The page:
Table 2. Estimates of SB 1070’s impact on Hispanic students
Note: The linear probability model is applied to dependent variables, which are dummy variables that equal 1 if a youth interviewee reports the described mental health syndromes and risk behaviors and equal 0 otherwise. Other covariates include gender, grade, age, height, state fixed effect, year fixed effect, E-verify status, 287(g) status, Secure Communities program status, state unemployment rate, real GDP per capita, real government spending per capita, state construction-industry unemployment rate, and the share of likely-undocumented immigrants. Covariates may vary by specification and sample selection. Models are weighted by the weight of YRBS Huber-White robust standard errors are clustered at the state level. **p < 0.05 and ***p < 0.01.
Column 1 of table 2 reports the estimates for the preferred DID models used in this study. To examine the robustness of our findings, we conduct regressions with different specifications and varied selections of comparison states. Columns 2 and 3 present the estimates of SB 1070 with different model specifications that exclude as controls the real business cycle and other immigration policy variables. The estimates of feeling sad and physical activeness have significance levels and magnitudes similar to the main results. Meanwhile, the probabilities of contemplating suicide, involvement in physical fights, and poor academic performance remain unchanged in these more parsimonious specifications.
Column 4 runs the DID regression with a state-specific linear time trend to further validate the robustness of our results. The addition of a state-specific time trend helps detect possible correlation between the trends of mental health and health-risk behaviors of Hispanic students in the control state and in Arizona after the introduction of SB 1070. A significant estimate after including the state-specific time trend indicates an abrupt change in the mental health and health-risk behaviors among Hispanic students in Arizona after 2010. The feeling-sad and physical-inactivity estimates of column 4 in table 2 remain statistically significant and have comparable magnitude to those of the main specification, indicating a large and adverse SB 1070 impact on Hispanic students.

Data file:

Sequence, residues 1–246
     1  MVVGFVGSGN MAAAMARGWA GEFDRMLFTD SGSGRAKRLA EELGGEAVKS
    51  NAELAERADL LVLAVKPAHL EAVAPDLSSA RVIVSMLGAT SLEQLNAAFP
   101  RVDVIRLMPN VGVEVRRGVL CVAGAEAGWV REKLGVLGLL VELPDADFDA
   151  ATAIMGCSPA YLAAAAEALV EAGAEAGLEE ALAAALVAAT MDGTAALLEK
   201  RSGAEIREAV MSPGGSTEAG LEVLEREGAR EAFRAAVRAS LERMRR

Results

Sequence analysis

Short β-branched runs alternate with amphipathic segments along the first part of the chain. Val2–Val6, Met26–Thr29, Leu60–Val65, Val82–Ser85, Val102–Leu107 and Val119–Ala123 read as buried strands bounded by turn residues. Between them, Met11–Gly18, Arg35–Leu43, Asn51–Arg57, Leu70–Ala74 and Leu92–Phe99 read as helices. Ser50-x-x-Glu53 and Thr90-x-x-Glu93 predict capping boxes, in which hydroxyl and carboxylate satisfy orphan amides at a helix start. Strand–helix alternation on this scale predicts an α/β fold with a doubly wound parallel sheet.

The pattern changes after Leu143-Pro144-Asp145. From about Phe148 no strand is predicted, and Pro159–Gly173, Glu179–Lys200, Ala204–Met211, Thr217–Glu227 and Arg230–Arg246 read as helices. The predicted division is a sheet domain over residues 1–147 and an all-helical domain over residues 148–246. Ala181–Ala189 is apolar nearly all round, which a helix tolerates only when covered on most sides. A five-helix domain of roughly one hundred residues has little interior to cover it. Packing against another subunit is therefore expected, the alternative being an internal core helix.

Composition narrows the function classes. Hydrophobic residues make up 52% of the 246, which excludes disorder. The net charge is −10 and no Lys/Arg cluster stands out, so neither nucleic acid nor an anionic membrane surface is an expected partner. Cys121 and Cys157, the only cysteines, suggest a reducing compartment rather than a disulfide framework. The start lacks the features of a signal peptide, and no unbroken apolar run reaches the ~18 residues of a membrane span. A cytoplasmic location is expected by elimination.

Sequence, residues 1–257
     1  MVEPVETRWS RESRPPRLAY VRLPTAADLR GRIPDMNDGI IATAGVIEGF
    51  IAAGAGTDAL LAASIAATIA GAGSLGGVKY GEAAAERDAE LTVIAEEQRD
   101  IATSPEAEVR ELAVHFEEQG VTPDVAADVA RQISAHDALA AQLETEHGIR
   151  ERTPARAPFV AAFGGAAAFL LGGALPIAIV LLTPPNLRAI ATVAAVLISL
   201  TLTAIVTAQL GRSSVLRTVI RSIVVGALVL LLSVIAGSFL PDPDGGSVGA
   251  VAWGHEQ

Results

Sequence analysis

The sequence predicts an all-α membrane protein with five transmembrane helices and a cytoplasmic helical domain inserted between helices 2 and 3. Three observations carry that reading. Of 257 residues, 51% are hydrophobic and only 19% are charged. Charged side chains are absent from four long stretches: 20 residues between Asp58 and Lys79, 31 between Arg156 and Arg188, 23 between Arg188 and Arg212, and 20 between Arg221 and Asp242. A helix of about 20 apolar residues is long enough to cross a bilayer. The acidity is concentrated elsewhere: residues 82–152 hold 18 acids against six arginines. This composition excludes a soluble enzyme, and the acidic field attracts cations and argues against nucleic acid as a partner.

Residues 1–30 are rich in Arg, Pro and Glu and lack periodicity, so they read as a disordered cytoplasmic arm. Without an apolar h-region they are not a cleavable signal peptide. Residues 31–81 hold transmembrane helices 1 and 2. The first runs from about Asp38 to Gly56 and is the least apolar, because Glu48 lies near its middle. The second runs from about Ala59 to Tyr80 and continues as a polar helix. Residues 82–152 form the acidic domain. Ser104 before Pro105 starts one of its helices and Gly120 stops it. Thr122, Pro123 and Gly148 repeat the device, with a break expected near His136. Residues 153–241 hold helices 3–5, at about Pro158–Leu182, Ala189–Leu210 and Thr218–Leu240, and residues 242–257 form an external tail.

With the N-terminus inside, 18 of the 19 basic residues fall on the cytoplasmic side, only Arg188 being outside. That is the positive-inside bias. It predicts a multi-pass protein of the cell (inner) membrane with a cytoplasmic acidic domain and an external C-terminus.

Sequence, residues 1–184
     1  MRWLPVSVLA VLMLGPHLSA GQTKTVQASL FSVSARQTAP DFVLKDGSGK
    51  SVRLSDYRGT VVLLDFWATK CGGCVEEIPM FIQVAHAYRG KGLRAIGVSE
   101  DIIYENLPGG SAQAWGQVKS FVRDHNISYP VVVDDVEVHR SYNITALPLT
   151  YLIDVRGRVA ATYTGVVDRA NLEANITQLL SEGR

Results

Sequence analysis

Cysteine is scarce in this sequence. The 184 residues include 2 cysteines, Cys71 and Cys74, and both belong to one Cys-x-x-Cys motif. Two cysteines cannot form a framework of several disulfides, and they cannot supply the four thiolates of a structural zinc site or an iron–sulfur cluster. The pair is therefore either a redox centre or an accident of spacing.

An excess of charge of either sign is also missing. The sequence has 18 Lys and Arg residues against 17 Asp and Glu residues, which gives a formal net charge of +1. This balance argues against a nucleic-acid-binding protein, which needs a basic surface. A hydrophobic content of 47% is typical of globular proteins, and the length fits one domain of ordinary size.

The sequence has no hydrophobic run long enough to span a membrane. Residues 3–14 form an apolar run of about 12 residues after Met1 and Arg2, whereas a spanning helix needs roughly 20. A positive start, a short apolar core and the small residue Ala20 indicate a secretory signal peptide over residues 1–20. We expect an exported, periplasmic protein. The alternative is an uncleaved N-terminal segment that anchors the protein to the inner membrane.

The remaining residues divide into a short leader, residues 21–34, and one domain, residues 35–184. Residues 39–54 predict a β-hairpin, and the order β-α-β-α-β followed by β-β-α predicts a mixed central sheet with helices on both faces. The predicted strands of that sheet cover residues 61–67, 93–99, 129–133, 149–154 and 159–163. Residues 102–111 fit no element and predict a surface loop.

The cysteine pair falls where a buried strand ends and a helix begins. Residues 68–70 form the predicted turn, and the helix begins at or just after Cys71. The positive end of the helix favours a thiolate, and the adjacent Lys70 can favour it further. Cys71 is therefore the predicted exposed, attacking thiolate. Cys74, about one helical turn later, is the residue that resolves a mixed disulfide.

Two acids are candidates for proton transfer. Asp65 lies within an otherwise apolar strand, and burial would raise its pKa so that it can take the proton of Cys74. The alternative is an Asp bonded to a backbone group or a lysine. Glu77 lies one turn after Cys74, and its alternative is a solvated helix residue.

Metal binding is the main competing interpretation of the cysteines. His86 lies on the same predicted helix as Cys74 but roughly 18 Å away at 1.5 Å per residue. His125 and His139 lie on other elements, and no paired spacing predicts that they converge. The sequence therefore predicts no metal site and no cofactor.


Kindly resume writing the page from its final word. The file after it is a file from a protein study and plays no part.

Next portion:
Columns 5 to 7 show the robustness check for examining the consistency of results using different sample selections. We construct comparison groups by including only southern and southwestern states that have a high Hispanic share of the population; states that have a large immigrant population; and states that share a border with Arizona. The conclusion remains the same with some estimates increasing slightly in magnitude. We still conclude that SB 1070 increases the probability of developing sad feelings and decreases physical activity among Hispanic students in Arizona.